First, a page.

AGT spot gas for Wednesday delivery softened further, trading 26 cents lower at $2.61.
Prices across the Northeast and Appalachia fell with the cooler weather in play. Niagara was down 15 cents to $2.57, Tennessee zone 6 200 leg was down 25 cents to $2.71 and Transco zone 6 non-NY was down 49 cents to $2.68.
Tennessee zone 4 200 leg next-day slid 14 cents to $2.56, while Dominion South slipped just 3 cents to $2.38. Columbia Gas was down a nickel to $2.77.
Columbia Gas Transmission LLC (TCO) said based on its current repair schedule for Leach XPress, which was damaged in an explosion earlier this month, it now expects to return the pipeline to service sometime in early July. TCO was able to bring back a small percentage of flows last week after it restored a segment that allowed the Stagecoach meter to return to service.
Nominations through the meter reached about 200 MMcf/d shortly thereafter, Genscape said. But the company said that after further investigation during repairs on the broader line, it would be forced to again reduce capacity to zero on Wednesday, impacting scheduled volumes at the Stagecoach meter.
Genscape on Friday (June 15) sent a reconnaissance aircraft over the site of the explosion. “We can see the site is in the process of establishing temporary erosion control procedures, and it appears that sections of the Leach XPress pipeline have been unearthed for several weld sections on both sides of the missing sections,” Genscape natural gas analyst Vanessa Witte said.
In the country’s midsection, spot gas prices were mixed but mostly higher on the day despite much cooler weather in store for Wednesday after a hot start to the week. AccuWeather showed highs in Chicago stalling in the mid-70s, about 20 degrees below highs on Tuesday. The rest of the week was expected to see similarly mild temperatures.
In Oklahoma, daytime temperatures were forecast in the mid-80s on Wednesday and then rising to the upper 80s by Friday. Much warmer weather was in store for next week, with highs projected to reach close to 100 degrees, AccuWeather forecasts showed.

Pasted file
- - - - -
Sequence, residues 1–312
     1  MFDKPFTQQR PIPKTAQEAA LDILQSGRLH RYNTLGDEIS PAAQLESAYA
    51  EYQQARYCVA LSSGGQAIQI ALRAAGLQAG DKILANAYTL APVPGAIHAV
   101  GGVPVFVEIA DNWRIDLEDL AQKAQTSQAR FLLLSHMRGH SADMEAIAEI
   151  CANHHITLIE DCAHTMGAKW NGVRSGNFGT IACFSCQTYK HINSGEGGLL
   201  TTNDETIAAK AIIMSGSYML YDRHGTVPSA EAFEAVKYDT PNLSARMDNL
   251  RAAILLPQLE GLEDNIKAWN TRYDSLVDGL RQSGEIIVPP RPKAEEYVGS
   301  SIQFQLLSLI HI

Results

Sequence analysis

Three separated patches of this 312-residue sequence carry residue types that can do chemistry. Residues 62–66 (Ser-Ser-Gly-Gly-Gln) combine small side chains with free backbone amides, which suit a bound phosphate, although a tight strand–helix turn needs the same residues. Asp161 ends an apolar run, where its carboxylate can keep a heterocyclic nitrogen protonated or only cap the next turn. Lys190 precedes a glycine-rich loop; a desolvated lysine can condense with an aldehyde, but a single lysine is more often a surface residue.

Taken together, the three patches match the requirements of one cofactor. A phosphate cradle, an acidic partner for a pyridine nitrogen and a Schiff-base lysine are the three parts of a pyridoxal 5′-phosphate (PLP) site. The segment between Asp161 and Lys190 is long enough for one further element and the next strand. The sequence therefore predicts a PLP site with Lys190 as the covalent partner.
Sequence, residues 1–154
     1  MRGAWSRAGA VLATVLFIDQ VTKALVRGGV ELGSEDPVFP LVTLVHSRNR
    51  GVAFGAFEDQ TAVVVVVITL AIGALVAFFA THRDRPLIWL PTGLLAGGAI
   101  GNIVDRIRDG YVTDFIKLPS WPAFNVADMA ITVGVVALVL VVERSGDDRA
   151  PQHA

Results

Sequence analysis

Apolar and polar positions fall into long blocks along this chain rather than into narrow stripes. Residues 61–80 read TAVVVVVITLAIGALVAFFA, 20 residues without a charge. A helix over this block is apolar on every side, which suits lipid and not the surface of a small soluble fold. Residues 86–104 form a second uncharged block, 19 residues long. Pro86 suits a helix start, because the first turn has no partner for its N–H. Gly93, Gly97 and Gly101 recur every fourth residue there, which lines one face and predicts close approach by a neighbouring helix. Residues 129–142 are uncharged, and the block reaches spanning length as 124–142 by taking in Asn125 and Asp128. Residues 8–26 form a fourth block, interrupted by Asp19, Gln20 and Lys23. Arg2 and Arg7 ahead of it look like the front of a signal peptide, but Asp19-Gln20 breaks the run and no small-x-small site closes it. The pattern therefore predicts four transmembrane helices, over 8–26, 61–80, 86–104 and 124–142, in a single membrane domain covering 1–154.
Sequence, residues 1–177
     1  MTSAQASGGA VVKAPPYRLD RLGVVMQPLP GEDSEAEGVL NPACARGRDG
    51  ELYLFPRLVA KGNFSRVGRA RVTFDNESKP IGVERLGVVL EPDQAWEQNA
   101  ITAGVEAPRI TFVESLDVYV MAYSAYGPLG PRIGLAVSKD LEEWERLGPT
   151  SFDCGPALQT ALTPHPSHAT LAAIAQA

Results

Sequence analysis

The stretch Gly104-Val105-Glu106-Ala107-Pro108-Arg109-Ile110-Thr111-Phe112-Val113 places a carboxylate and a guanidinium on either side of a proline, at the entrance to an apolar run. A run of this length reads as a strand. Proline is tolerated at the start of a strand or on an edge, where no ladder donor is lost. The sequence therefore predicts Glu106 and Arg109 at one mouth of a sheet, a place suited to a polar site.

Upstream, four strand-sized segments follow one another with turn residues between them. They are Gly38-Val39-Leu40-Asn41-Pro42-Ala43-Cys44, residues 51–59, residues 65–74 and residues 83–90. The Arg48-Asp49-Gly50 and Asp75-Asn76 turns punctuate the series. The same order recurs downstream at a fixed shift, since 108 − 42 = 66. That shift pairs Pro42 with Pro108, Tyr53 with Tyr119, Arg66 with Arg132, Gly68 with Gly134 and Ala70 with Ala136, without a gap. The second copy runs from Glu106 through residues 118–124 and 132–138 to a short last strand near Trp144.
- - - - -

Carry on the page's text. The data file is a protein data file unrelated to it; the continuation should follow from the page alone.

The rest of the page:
Given the mixed forecasts, Chicago Citygate spot gas fell 9 cents to $2.72, while OGT edged up 2 cents to $1.81.
In the West, Southern California spot gas prices posted another sharp increase as warmer weather was in store for the region. SoCal Citygate jumped more than 40 cents to $3.41 as highs in Los Angeles were forecast by AccuWeather to extend into the mid-80s by Friday, after topping out in the low 80s on Tuesday.
Genscape noted that the impending heat moving into the market was sure to trigger heightened volatility as accessibility to in-market storage remains restricted, and constraints on import pipeline capacities remain in place.
“NGI price data has SoCal Citygate basis back in the black at 1 cent after having added 69 cents” in Monday’s trading, the company said. Genscape meteorologists expect population-weighted temperatures across the five-county area of Southern California would average near 71 degrees, with daytime highs in the upper 80s, about 6-7 degrees above normal.
So far this summer, there have been two periods where temperatures were in that range: early May and the second week of June, Genscape said. During the May event, total regional demand (SoCal plus El Paso and Mojave/Kern) touched 3 Bcf/d. During that time, basis jumped $1.07 to move from minus 15 cents to plus 92 cents in two trading days.
That came just days after an April event swung basis more than $2 in two days. In the June event, demand topped 3.2 Bcf/d and basis swung $1, moving from minus 45 cents to plus 45 cents in three days of trading.
“The SoCal price gains are re-shuffling upstream volumes: roughly 70 MMcf/d of gas that had been flowing eastward out of Opal is being redirected” from Rockies Express Pipeline over to Kern River Gas Transmission to flow southwest,” Genscape’s Joe Bernardi said.
In related news, regulators in California on Monday moved to avoid natural gas supply problems this summer in two separate actions that include expanding volumes available for withdrawal at the heavily scrutinized Aliso Canyon underground storage facility.